There are steps one can take in attempt to prevent such activities from occurring. The first step to take in securing a personal wireless connection would be to follow the instructions set forth by the wireless modem manufacturer (“Criminals”). By following the manufacturer’s instructions you are ensuring not to alter any of the set protocols made at the factory. With most setups, there will be a step involved in which the user will enter a password for accessing the connection that uses WEP encryption. When choosing a password, choose a random array of numbers and letters using both large and small case. Second, disable the SSID (Service Set Identifier) and the feature which broadcasts your SSID to the internet, or if used, do not use any easily searched names or passwords such as family pet, your child’s name, etc. (“Criminals”). By disabling the SSID or using a random network name, you are making it more difficult (if not impossible) for criminals to identify your connection and acquire such information.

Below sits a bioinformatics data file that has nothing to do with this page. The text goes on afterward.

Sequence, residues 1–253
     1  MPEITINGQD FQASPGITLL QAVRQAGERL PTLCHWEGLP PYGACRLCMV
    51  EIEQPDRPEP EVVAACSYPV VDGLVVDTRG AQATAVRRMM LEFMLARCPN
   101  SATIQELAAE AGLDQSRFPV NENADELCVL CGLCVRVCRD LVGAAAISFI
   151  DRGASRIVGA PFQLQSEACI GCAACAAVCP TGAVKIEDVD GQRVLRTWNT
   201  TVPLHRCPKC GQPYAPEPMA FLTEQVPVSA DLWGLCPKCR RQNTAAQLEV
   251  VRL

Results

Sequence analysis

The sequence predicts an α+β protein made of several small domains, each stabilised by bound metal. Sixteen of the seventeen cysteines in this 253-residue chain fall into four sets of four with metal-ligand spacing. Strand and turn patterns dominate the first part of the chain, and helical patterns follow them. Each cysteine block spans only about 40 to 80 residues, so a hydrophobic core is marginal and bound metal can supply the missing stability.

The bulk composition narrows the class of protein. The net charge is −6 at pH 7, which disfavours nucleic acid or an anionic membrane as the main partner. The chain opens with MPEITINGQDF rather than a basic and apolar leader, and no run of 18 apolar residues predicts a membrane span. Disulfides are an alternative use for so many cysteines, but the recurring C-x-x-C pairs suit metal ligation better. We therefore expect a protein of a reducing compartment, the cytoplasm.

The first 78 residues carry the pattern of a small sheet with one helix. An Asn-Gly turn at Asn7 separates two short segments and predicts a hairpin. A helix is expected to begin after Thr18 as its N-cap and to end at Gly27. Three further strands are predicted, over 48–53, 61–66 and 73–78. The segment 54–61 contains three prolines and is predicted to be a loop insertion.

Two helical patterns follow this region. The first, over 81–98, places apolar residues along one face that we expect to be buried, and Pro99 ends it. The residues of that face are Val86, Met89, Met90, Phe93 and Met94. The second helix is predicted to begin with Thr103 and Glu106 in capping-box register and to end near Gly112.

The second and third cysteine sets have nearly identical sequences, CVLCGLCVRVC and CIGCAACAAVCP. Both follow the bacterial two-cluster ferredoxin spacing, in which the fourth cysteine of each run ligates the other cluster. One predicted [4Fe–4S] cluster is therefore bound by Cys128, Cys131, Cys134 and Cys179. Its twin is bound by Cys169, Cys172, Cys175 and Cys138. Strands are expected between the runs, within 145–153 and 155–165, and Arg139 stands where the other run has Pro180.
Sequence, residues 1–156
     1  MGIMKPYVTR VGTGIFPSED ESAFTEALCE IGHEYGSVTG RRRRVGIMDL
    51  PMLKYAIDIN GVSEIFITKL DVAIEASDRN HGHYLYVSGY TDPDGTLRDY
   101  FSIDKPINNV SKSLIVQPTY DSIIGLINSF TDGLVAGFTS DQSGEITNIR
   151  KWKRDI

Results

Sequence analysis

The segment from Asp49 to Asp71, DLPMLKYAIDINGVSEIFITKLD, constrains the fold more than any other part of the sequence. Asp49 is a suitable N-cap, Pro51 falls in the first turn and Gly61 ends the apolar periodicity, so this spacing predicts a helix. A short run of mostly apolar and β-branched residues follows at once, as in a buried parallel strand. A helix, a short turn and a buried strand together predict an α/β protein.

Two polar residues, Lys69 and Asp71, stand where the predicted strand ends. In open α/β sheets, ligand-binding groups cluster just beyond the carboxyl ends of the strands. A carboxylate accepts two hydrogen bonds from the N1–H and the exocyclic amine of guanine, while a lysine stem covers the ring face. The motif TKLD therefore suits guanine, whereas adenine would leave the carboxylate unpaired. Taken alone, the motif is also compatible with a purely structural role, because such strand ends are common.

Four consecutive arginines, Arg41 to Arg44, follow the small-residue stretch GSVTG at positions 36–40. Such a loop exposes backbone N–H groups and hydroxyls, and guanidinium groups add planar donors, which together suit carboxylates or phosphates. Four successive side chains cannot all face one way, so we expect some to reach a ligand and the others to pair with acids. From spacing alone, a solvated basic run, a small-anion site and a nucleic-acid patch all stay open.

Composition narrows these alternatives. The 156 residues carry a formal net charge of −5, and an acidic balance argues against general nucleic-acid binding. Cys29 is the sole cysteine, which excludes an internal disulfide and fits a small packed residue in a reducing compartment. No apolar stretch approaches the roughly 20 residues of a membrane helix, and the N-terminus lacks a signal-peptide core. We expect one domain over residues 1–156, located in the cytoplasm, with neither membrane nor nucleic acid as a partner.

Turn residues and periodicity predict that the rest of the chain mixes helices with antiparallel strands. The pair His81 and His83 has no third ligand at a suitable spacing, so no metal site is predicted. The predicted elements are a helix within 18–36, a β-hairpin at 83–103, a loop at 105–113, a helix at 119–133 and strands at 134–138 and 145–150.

The third step in attempting to secure your wireless connection is ensuring that firewalls are in place for both your router and computer (“Criminals”). A firewall restricts or blocks inbound traffic by monitoring network ports. Another useful step you can take to ensure the security of your system is to monitor its usage. By estimating the amount of time you utilize the system in a month, you will be able to recognize any increases (“Criminals”). Along with taking these steps, another way of protecting personal information on your computer is by disabling file sharing. If file sharing is enabled, any attacker that gains access to your wireless connection could possibly access the information on your computer including usernames and passwords.

The invention of wireless communications has propelled us into the twenty first century, while at the same time presenting a risk to the protection of our personal information. By taking the appropriate steps in setting up a wireless connection, making sure of updates to your computer and antivirus software, and monitoring your systems usage, you can minimize the risks of unauthorized use of your wireless connection as well as access to your personal information. As the old saying goes, “an ounce of prevention is worth a pound of cure”, but in this case it could be worth a lot more. Identity theft is a growing concern in the world we live in today, not only for adults but also for our children. It is our responsibility to make every attempt at protecting this valuable information.